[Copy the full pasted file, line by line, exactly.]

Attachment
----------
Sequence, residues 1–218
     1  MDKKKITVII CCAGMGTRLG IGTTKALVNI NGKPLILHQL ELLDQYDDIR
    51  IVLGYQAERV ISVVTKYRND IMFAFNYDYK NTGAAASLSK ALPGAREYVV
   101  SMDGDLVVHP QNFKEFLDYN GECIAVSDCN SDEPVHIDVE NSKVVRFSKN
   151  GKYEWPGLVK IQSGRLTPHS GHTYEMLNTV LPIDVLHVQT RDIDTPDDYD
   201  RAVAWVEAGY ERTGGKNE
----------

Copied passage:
Sequence, residues 1–218
     1  MDKKKITVII CCAGMGTRLG IGTTKALVNI NGKPLILHQL ELLDQYDDIR
    51  IVLGYQAERV ISVVTKYRND IMFAFNYDYK NTGAAASLSK ALPGAREYVV
   101  SMDGDLVVHP QNFKEFLDYN GECIAVSDCN SDEPVHIDVE NSKVVRFSKN
   151  GKYEWPGLVK IQSGRLTPHS GHTYEMLNTV LPIDVLHVQT RDIDTPDDYD
   201  RAVAWVEAGY ERTGGKNE